Friday, July 31, 2009


Rachel Corrie was a young American who spent time in the Gaza Strip in 2003. The Israeli Army was building their now infamous wall on the border between Gaza and Israel and were demolishing the homes of Palestinians near the construction zone. Rachel and other young activists stayed in homes likely to be demolished hoping that the presence of international citizens would slow the destruction and they actively campaigned for it to stop. One fateful day Rachel and her companions were out in the demolition zone, armed with megaphones, trying to halt the Israeli bulldozers' progress when Rachel was crushed to death by one of the bulldozers.

Rachel the film is an exhaustive investigation and exploration of the incident. The director interviews the full range of people involved - Rachel's fellow activists, the Palestinians with whom they stayed, soldiers stationed in the Gaza strip at the time, the bulldozer driver, an Israeli Defense Force spokeswoman, the investigator for the original military enquiry, Rachel's parents and Rachel's university teachers, the pathologist who did the post mortem and I'm sure there were others.

This is not an easy watch and some of the revelations are shocking. I think there were three interviews that made a particular impression on me. The first was with one of Rachel's companions who describes watching her being crushed. The interview was five years after the incident and it was clearly very traumatic still. It reminded me that there was a big personal toll on those who witnessed this incident quite apart from any political and philosophical implications.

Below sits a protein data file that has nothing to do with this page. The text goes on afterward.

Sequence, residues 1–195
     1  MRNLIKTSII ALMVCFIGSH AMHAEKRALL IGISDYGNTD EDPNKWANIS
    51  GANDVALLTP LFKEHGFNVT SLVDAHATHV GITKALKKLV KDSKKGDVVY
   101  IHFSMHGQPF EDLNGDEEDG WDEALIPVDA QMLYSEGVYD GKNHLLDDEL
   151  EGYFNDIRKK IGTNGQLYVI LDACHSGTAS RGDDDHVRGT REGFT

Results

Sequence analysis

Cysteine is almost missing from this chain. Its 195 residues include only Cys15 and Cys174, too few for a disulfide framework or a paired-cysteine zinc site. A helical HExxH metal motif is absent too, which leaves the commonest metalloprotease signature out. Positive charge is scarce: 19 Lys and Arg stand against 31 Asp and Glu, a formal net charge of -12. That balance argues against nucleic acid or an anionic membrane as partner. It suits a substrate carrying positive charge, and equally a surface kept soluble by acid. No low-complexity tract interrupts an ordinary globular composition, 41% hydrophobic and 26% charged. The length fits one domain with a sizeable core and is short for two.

The second was with a soldier who was stationed in the Gaza strip at the time. He said that shooting water tanks was a particularly popular activity for soldiers because it looks so pretty through your night vision goggles! He also spoke of the huge numbers of houses they destroyed and admitted to having killed some civilians. It really struck me that since all the soldiers are so young they can take childish pleasure in actions that once they're older they might regret, but too late.

Thirdly the statement from an Israeli Defence force spokeswoman "The IDF doesn't intentionally kill anyone, unless they are terrorists" - which apart from being mind-boggling, struck me as unusual - I don't think I've ever heard a military spokesperson talking about intentional killing before - using the term killing is rare.

Rachel is packed full of jaw-dropping facts. You learn things and come away with more stuff to think about. It's a good film but it isn't fun. It's depressing, probably because its emotionally involving - the interviewees are all very much real people with real opinions, even if you can't fathom why some of them hold such opinions. So you can't go home and dismiss the experience as you would with a bad or boring film.

Anne's rating 4/5

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